Skip to Main Content
Restoring Oaks in the Missouri River FloodplainAuthor(s): Dan Dey; John Kabrick; Jennifer Grabner; Mike Gold
Source: In: Smalley, Bryan, ed. Proceedings of the 29<sup>th</sup> Annual Hardwood Symposium: Sustaining Natural Resources on Private Lands in the Central Hardwood Region; French Lick, IN: 8-20
Publication Series: Other
Station: North Central Research Station
PDF: View PDF (2.03 MB)
DescriptionRestoration of native vegetation and hydrologic regimes in the Mississippi and Missouri River floodplains is problematic because they are among the most altered ecosystems in North America (Noss et al. 1995), and because of the competing demands placed on these river ecosystems by commercial, private and social interests. Since the 1780s, more than half (53 percent) of the original wetlands have been lost in the conterminous United States, due primarily to drainage and conversion to agriculture (Dahl 1990) (Table 1). Many states in the Midwest and South have lost more than 85 percent of their original wetlands. In the eastern United States, many of these wetlands were originally forested (Bragg and Tatschl 1977, The Nature Conservancy 1992).
- Check the Northern Research Station web site to request a printed copy of this publication.
- Our on-line publications are scanned and captured using Adobe Acrobat.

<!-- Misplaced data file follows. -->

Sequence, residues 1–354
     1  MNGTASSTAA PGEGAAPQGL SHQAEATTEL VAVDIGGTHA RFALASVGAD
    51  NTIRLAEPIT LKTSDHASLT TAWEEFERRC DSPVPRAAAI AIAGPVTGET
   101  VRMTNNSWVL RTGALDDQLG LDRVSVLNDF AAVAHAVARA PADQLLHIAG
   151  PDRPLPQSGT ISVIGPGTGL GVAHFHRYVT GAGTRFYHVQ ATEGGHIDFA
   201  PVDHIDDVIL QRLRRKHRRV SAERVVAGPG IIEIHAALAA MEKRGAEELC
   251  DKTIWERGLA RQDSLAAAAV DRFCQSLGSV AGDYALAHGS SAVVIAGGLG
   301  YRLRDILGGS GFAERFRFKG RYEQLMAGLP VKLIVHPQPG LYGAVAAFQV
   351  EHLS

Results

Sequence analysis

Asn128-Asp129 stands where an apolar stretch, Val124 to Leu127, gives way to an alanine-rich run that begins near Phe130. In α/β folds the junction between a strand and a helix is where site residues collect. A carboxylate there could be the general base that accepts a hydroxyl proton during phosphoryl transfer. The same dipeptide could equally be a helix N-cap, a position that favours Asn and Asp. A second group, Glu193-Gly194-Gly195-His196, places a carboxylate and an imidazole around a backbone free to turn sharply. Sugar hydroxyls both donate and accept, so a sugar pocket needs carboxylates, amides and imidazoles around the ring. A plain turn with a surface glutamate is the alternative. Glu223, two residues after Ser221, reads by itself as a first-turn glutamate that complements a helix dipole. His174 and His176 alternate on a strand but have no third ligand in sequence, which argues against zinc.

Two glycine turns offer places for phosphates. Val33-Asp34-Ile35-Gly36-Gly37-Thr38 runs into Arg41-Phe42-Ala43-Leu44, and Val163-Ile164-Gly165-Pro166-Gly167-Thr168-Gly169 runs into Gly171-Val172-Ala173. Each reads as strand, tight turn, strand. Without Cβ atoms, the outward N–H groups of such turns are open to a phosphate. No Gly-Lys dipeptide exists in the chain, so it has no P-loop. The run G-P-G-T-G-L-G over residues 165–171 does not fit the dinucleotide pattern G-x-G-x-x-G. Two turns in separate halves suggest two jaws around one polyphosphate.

- During the capture process some typographical errors may occur.
- Please contact Sharon Hobrla, email@example.com if you notice any errors which make this publication unusable.
- We recommend that you also print this page and attach it to the printout of the article, to retain the full citation information.
- This article was written and prepared by U.S. Government employees on official time, and is therefore in the public domain.
CitationDey, Dan; Kabrick, John; Grabner, Jennifer; Gold, Mike. 2001. Restoring Oaks in the Missouri River Floodplain. In: Smalley, Bryan, ed. Proceedings of the 29th Annual Hardwood Symposium: Sustaining Natural Resources on Private Lands in the Central Hardwood Region; French Lick, IN: 8-20
- The Coosawhatchie Bottomland Ecosystem Study: A Report on the Development of Reference Wetland
- Birds of the Southeastern United States: A Historical Perspective
- Short-term effects of wildfires on fishes in the southwestern United States, 2002: management implications
XML: View XML